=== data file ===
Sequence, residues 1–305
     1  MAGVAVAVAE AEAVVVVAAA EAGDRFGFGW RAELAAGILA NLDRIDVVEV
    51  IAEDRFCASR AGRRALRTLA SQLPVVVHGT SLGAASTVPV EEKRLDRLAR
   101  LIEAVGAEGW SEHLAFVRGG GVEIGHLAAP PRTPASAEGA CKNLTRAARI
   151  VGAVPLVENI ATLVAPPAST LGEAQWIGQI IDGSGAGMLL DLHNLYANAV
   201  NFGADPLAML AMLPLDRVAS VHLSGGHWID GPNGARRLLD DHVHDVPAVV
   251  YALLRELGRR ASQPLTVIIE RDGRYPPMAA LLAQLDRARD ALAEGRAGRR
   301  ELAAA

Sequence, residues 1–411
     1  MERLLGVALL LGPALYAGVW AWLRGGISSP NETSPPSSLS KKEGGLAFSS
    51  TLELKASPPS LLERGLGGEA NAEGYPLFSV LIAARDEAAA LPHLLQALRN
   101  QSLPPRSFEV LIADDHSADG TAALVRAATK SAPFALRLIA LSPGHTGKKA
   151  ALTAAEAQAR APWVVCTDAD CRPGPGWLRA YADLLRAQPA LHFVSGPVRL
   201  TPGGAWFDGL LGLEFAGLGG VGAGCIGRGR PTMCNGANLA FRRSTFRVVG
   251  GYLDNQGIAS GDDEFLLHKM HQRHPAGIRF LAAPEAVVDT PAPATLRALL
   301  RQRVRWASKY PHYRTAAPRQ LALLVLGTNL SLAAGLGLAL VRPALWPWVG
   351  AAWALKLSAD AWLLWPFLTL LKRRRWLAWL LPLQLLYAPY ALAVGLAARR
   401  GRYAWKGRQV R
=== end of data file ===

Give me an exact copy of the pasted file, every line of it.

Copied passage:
Sequence, residues 1–305
     1  MAGVAVAVAE AEAVVVVAAA EAGDRFGFGW RAELAAGILA NLDRIDVVEV
    51  IAEDRFCASR AGRRALRTLA SQLPVVVHGT SLGAASTVPV EEKRLDRLAR
   101  LIEAVGAEGW SEHLAFVRGG GVEIGHLAAP PRTPASAEGA CKNLTRAARI
   151  VGAVPLVENI ATLVAPPAST LGEAQWIGQI IDGSGAGMLL DLHNLYANAV
   201  NFGADPLAML AMLPLDRVAS VHLSGGHWID GPNGARRLLD DHVHDVPAVV
   251  YALLRELGRR ASQPLTVIIE RDGRYPPMAA LLAQLDRARD ALAEGRAGRR
   301  ELAAA

Sequence, residues 1–411
     1  MERLLGVALL LGPALYAGVW AWLRGGISSP NETSPPSSLS KKEGGLAFSS
    51  TLELKASPPS LLERGLGGEA NAEGYPLFSV LIAARDEAAA LPHLLQALRN
   101  QSLPPRSFEV LIADDHSADG TAALVRAATK SAPFALRLIA LSPGHTGKKA
   151  ALTAAEAQAR APWVVCTDAD CRPGPGWLRA YADLLRAQPA LHFVSGPVRL
   201  TPGGAWFDGL LGLEFAGLGG VGAGCIGRGR PTMCNGANLA FRRSTFRVVG
   251  GYLDNQGIAS GDDEFLLHKM HQRHPAGIRF LAAPEAVVDT PAPATLRALL
   301  RQRVRWASKY PHYRTAAPRQ LALLVLGTNL SLAAGLGLAL VRPALWPWVG
   351  AAWALKLSAD AWLLWPFLTL LKRRRWLAWL LPLQLLYAPY ALAVGLAARR
   401  GRYAWKGRQV R